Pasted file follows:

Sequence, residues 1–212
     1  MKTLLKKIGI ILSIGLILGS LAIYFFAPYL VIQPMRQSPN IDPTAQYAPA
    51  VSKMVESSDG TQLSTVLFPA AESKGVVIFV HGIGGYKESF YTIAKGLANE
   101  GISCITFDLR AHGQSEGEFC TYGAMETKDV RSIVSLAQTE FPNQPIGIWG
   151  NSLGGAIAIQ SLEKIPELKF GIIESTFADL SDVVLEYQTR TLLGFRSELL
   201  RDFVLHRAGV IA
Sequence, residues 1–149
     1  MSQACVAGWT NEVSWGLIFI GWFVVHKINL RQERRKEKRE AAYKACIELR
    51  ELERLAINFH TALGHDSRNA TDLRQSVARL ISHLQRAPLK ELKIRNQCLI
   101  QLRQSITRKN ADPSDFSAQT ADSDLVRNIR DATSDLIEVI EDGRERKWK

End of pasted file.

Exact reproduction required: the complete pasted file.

Sequence, residues 1–212
     1  MKTLLKKIGI ILSIGLILGS LAIYFFAPYL VIQPMRQSPN IDPTAQYAPA
    51  VSKMVESSDG TQLSTVLFPA AESKGVVIFV HGIGGYKESF YTIAKGLANE
   101  GISCITFDLR AHGQSEGEFC TYGAMETKDV RSIVSLAQTE FPNQPIGIWG
   151  NSLGGAIAIQ SLEKIPELKF GIIESTFADL SDVVLEYQTR TLLGFRSELL
   201  RDFVLHRAGV IA
Sequence, residues 1–149
     1  MSQACVAGWT NEVSWGLIFI GWFVVHKINL RQERRKEKRE AAYKACIELR
    51  ELERLAINFH TALGHDSRNA TDLRQSVARL ISHLQRAPLK ELKIRNQCLI
   101  QLRQSITRKN ADPSDFSAQT ADSDLVRNIR DATSDLIEVI EDGRERKWK